Ken Fischer, Southern Illinois, Carbondale

Sunday Session 3, 12:00-1:15 PM

            N201/202: Using RAB Tools to Enhance the Classroom Experience & Increase the Value of Your Students in the Marketplace [BOARD]
This panel will discuss what skill-sets are needed for today’s radio sellers to be successful, and demonstrate—during a short orientation—how the RAB services can help instructors better prepare students to meet “real world” challenges.
Moderator:       Mark D. Levy, Director of Educational Services,
                        Radio Advertising Bureau
Panelists:          Mark Levy and Friends


            N203/204: Redefining Radio Ownership Regulation: Impact of the FCC’s 2003 Decision Regarding Radio [BIRD]
While much of the debate surrounding the FCC’s June 2003 modifications to media ownership rules focuses on changes to TV ownership rules, the FCC also made sweeping revisions regarding radio ownership.  The panel will examine modifications to radio ownership regulation, including the redefinition of local radio markets, the new cross-media limits, and the controversial diversity index.
Moderator:       Jennifer M. Profitt, Pennsylvania State University
Panelists:          Jennifer M. Profitt, Pennsylvania State University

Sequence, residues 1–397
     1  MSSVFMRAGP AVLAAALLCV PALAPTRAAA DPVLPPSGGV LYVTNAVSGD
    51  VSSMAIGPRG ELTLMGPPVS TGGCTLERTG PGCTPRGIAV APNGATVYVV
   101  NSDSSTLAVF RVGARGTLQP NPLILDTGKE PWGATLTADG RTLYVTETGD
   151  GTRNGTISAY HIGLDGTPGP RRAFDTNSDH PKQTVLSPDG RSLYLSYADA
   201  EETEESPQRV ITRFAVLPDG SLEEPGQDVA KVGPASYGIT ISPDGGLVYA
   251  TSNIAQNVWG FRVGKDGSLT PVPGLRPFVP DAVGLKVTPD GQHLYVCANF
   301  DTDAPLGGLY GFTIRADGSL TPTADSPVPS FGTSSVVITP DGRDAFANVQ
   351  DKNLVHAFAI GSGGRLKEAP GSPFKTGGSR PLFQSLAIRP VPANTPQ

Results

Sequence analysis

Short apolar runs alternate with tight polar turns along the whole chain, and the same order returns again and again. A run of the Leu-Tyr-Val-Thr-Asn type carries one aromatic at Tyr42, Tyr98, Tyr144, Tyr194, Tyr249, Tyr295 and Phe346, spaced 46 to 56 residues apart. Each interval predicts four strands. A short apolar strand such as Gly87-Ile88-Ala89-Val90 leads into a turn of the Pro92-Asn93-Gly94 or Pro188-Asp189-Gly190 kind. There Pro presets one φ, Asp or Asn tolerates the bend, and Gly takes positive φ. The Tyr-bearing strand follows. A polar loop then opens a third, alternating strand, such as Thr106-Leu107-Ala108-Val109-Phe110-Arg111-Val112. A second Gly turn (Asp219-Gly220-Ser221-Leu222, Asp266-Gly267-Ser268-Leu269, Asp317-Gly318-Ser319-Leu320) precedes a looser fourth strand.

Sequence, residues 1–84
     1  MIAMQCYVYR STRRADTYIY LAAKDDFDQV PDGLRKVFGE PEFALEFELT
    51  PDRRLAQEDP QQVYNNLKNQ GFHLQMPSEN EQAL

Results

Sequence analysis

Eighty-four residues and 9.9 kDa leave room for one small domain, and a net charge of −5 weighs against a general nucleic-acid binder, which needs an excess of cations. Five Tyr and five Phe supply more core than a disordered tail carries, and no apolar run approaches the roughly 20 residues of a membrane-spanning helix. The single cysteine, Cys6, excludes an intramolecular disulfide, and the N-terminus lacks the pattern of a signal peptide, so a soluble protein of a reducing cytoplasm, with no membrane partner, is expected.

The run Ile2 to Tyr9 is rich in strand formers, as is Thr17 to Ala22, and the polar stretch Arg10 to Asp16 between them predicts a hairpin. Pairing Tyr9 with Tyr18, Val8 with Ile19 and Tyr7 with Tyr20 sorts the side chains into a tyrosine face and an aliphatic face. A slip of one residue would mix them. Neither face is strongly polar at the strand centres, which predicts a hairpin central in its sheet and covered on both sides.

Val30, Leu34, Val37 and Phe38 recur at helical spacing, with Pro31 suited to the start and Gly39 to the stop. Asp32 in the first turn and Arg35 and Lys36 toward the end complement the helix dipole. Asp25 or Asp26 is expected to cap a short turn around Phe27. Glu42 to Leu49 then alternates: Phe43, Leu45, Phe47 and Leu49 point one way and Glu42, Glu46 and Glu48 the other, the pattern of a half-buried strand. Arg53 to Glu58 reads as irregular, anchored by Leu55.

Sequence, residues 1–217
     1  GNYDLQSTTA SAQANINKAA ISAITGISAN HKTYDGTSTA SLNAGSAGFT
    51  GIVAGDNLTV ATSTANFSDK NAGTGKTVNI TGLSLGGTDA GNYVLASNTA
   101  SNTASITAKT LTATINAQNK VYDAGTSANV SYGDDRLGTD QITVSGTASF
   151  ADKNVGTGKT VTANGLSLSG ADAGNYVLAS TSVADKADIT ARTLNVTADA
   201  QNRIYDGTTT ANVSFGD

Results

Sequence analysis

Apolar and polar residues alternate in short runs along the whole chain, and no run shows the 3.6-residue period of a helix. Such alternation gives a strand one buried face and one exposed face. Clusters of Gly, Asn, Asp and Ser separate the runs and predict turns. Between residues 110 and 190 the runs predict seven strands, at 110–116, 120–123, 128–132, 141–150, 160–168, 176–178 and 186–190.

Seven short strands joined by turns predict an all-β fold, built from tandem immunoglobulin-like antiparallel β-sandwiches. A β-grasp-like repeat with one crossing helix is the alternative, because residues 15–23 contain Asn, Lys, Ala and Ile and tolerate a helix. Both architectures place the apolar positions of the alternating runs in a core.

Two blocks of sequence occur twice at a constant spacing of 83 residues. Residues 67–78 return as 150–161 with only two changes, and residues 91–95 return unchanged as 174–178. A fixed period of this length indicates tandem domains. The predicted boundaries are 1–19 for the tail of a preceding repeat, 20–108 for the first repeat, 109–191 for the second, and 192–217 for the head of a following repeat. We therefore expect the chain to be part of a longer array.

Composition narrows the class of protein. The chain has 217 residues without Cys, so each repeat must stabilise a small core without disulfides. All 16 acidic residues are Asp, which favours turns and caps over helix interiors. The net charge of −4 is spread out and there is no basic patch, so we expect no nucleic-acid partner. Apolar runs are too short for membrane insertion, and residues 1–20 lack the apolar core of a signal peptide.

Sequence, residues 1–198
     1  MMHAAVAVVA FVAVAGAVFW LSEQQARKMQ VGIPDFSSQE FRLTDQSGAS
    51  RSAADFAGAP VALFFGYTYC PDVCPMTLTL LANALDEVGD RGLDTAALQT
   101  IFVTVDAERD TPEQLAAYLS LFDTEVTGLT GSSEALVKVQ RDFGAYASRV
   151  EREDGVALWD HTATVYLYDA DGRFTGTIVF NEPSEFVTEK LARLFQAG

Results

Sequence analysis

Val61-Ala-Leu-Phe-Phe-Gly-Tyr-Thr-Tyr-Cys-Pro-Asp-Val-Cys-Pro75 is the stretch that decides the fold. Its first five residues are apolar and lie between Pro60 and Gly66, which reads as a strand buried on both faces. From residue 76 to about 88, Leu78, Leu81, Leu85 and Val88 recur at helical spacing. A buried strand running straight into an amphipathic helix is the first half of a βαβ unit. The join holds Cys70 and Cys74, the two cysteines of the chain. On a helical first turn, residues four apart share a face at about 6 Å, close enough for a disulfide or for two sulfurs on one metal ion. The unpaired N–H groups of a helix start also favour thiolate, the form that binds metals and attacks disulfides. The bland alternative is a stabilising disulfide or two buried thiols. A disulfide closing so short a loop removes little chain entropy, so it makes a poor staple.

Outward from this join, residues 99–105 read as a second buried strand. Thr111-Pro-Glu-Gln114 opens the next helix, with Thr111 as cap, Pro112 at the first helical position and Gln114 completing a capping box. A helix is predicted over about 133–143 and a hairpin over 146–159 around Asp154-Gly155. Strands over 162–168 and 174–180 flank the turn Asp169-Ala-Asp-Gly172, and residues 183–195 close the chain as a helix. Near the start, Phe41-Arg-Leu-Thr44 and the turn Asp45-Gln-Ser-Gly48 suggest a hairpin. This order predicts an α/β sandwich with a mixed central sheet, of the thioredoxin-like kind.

“Debating Cross-Media Ownership Limits”
                        Nina Huntemann, Suffolk University
                        “The Diversity Dilemma: Fallacies of Format Differentiation as a Measure of culture Value”
                        Sylvia Chan-Olmsted, University of Florida
                        “The Economic &  Strategic Drivers of Radio Deregulation &          Their Market Implications”
                        Peter DiCola, University of Michigan/Future of Music
                        “The Contours of Consolidation”
                        Craig Stark, Pennsylvania State University
                        “Separating Content from The Content Providers: A Look at           the FCC’s 2003 Ruling on Network Programs as Separate   Entities for Promotion & Marketing”
                        Todd Chambers, Texas Tech University
                        “The Effects of Deregulation on Radio Program Diversity”


                   N210:        Gender Issues Division Business Meeting


            N211/212: Media Coverage of the War in the Middle East [International]